David D’Silva explores the mystery of Christ’s life, death, and resurrection through the image of the Sacred Heart
My absolute favourite film—a film I can watch, get to the end of, and immediately re-watch at least twice—is The Librarian: Quest for the Spear. This swash-buckling tale tells the story of thirty-something-year-old Flynn Carson, who is, to put it lightly, a genius. When we first meet him, Flynn has twelve bachelor’s degrees, six master’s and four doctorates. In the film, our nerdish equivalent to Indiana Jones is selected to be the librarian at a very unusual library, filled with books, yes, but also objects like Noah’s Ark, the Goose that lays Golden Eggs, Pandora’s Box, Excalibur, and a fragment—a third—of the spear used to pierce Christ’s side on the cross: the Spear of Destiny.
In the story, a group of international villains steal the library’s fragment in an attempt to reform the spear and use it to take over the world (as many dictators throughout history had attempted to do, figures like Charlemagne and Napoleon). The whole premise of the spear in this story is that because it has come into contact with Jesus Christ, with his very flesh and blood, it has become imbued with his divinity; the spear has been changed, and has become more than just a spear. This should not come to us as a surprise, as the premise is very similar to how both medieval and modern storytellers have treated the Holy Grail; we’ve just got Flynn instead of Indy or Arthur.
But more than that, it’s what we see in the Christian faith. Time and time again in sacred scripture we see that when individuals and groups come into contact with the person of Jesus Christ, fully human and fully divine, miracles occur and their lives are forever changed. Indeed, are relics not a further example of how proximity in this life—even in spirit—to the Godhead through the person of Jesus Christ changes our very bones, our very flesh and blood, the very core of our being? Surely this is the eternal life found in the bottom of every chalice, placed on every altar for the last two millennia? And this is where my favourite film gets it wrong. These changes wrought by Jesus Christ are not about worldly domination, gained at the point of a spear, but acts of love, mercy, and truth.
This is why the spear is so important to us: not because it has given special aid to earthly warfare, but because it revealed to us the seat of divine love and mercy as it hung on the cross, the Sacred Heart of Jesus. The Sacred Heart is one of the most well-known images and devotions in the catholic faith, and takes Christ’s physical heart as the representation of his divine love for humanity, a love which was demonstrated on the cross at Good Friday, a love which flowed from our Lord’s side, his heart having been pierced by the spear.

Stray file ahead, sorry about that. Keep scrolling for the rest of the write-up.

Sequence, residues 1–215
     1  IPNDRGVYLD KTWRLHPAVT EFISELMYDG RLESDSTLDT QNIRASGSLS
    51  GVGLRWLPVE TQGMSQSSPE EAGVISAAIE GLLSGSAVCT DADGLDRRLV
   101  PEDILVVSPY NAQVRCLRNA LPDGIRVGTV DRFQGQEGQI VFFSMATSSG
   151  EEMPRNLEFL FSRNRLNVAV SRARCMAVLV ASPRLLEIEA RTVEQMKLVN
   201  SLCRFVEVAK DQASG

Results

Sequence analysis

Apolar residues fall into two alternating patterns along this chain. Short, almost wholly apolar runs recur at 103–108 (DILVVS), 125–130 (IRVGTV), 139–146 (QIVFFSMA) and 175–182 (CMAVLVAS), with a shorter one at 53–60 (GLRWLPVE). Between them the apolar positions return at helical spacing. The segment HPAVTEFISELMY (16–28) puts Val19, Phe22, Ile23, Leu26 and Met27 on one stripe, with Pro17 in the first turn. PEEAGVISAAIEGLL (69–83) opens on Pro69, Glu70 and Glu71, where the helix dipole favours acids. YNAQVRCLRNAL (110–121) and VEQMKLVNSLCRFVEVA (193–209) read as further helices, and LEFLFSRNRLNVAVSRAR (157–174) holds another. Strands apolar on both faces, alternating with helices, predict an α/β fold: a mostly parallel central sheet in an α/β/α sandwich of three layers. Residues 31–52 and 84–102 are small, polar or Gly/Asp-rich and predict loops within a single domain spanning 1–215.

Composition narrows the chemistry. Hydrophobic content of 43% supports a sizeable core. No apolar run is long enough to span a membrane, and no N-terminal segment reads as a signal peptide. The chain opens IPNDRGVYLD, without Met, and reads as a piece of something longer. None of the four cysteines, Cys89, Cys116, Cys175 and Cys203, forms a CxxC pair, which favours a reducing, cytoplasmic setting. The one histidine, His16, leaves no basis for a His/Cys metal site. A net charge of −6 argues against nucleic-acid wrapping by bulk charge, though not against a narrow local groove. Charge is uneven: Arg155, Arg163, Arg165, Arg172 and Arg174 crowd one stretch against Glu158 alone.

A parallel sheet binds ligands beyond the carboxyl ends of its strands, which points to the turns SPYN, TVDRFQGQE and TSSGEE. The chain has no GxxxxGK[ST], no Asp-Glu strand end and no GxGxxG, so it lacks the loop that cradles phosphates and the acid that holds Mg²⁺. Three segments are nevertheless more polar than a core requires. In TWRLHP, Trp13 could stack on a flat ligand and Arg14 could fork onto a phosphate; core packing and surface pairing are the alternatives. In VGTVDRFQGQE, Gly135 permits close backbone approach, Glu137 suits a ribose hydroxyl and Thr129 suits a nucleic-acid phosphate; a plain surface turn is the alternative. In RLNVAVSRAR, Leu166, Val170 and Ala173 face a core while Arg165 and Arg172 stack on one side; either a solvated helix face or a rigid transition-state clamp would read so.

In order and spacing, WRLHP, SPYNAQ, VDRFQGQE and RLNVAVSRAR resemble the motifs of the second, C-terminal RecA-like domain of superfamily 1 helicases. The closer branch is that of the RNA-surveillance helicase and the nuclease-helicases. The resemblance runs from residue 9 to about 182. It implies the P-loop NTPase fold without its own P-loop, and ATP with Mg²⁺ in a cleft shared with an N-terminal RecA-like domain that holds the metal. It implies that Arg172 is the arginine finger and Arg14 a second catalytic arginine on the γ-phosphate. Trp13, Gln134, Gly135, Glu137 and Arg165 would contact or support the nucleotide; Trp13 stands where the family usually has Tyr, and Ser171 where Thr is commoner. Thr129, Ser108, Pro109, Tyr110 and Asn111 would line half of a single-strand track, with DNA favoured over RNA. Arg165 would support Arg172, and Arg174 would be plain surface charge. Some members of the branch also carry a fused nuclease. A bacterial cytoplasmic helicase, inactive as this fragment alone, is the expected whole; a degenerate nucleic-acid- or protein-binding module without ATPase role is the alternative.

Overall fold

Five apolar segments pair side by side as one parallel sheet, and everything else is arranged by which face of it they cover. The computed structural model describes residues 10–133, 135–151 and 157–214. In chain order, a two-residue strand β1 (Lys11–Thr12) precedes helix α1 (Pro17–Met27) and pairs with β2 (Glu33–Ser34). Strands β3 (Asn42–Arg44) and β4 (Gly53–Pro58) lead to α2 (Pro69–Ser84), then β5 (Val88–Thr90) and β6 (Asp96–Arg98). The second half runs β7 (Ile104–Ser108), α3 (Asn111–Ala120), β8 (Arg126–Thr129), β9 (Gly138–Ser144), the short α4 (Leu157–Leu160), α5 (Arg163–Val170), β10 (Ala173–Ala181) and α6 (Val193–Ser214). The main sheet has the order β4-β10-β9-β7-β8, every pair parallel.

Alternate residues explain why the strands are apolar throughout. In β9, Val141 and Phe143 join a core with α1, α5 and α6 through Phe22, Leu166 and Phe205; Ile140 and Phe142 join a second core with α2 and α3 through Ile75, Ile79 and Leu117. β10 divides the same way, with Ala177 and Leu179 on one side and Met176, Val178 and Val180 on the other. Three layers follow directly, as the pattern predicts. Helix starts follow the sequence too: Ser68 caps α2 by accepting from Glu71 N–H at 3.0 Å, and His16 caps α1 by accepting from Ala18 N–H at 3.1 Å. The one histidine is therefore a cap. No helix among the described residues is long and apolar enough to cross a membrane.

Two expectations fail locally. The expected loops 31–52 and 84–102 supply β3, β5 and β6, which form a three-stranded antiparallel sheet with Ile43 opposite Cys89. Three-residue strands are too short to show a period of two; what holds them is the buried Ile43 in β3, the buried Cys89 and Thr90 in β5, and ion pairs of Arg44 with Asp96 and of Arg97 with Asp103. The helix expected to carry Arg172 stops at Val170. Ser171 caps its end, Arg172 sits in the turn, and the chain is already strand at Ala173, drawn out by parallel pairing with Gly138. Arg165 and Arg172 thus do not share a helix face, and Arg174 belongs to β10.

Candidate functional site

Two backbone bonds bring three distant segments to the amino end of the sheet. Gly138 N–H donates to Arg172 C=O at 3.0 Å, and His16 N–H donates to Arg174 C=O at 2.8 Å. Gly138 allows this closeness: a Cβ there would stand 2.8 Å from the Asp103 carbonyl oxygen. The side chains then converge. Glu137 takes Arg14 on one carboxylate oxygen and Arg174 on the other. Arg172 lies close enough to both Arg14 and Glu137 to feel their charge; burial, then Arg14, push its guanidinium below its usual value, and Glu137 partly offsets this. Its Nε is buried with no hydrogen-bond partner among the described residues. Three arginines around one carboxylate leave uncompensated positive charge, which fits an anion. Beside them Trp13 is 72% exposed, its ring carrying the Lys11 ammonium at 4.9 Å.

The Sacred Heart is important because a heart is important to our bodies. The heart has become a symbol for our very selves: it pumps our life-giving blood through our bodies and without it we would die. This is why we talk about putting our whole heart into something, about wanting something ‘with all our hearts.’ And if this wasn’t enough, we further complicate things by not merely treating our hearts as a piece of simple biology, as a very clever piece of kit, a fancy muscle with four chambers, an exit and an entrance. On 14 February the whole world seems to be covered, not with pictures of St Cyril and St Methodius, or even with St Valentine, but with simplified images of a heart. We have made the heart a symbol of love.
And what is love? Love is not something that can be understood through the cold examination of science, it cannot be fashioned out of necessity. It comes and goes without explanation. It is the cause of great excitement and great pain and suffering, for both the object and the holder of this most powerful emotion. Love cannot be quantified, it cannot be weighed, it cannot be measured… except in the case of the love of God and his son, Jesus Christ, who showed the depth of his love when, for our sake, he opened his arms on the cross. The Bible uses the image of our hearts to refer to the very depths of ourselves, the very core of our beings, with which we make the decision to follow God. And it is God who speaks to us through our human experiences, and who has chosen the heart as the symbol of Jesus Christ. Why? Because the heart of Jesus was a human heart like our own, it beat up to 100,000 times a day throughout his earthly existence, and it stopped as he gave up his spirit on the hill of Golgotha. And yet, so complete was his sinlessness, so complete and perfect was he, was his love for us, that his heart, his love, ransomed us from sin and death.
In the Gospel according to St John, Christ says ‘let the one who believes in me drink. As the scripture has said, ‘Out of the believer’s heart shall flow rivers of living water.’ (John 7.38) That water mixed with the blood, which was released by this evening’s instrument of the passion, was the water of salvation—the Holy Spirit. The spear released a gushing torrent of grace on the Hill of Calvary, which would flood the world with God’s love and mercy. God, from his son’s Sacred Heart, poured forth a flood, not a flood of destruction like that of Noah, but a flood of salvation which healed the divisions of our human sinfulness. And all from a human heart like ours, a heart like ours should and can be.